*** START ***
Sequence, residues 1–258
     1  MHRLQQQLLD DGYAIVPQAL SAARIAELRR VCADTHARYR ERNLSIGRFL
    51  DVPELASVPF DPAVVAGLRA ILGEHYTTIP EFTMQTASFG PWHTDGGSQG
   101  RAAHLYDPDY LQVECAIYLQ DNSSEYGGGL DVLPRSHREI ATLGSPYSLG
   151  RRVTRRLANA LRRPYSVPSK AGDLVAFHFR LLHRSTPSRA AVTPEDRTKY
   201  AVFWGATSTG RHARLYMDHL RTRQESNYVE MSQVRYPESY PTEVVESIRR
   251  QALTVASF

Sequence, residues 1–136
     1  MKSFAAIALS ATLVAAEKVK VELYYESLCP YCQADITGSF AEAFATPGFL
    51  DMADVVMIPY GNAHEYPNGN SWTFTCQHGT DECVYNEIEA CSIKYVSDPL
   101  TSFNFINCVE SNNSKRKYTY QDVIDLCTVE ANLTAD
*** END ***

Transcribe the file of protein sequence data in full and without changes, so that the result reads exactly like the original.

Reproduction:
Sequence, residues 1–258
     1  MHRLQQQLLD DGYAIVPQAL SAARIAELRR VCADTHARYR ERNLSIGRFL
    51  DVPELASVPF DPAVVAGLRA ILGEHYTTIP EFTMQTASFG PWHTDGGSQG
   101  RAAHLYDPDY LQVECAIYLQ DNSSEYGGGL DVLPRSHREI ATLGSPYSLG
   151  RRVTRRLANA LRRPYSVPSK AGDLVAFHFR LLHRSTPSRA AVTPEDRTKY
   201  AVFWGATSTG RHARLYMDHL RTRQESNYVE MSQVRYPESY PTEVVESIRR
   251  QALTVASF

Sequence, residues 1–136
     1  MKSFAAIALS ATLVAAEKVK VELYYESLCP YCQADITGSF AEAFATPGFL
    51  DMADVVMIPY GNAHEYPNGN SWTFTCQHGT DECVYNEIEA CSIKYVSDPL
   101  TSFNFINCVE SNNSKRKYTY QDVIDLCTVE ANLTAD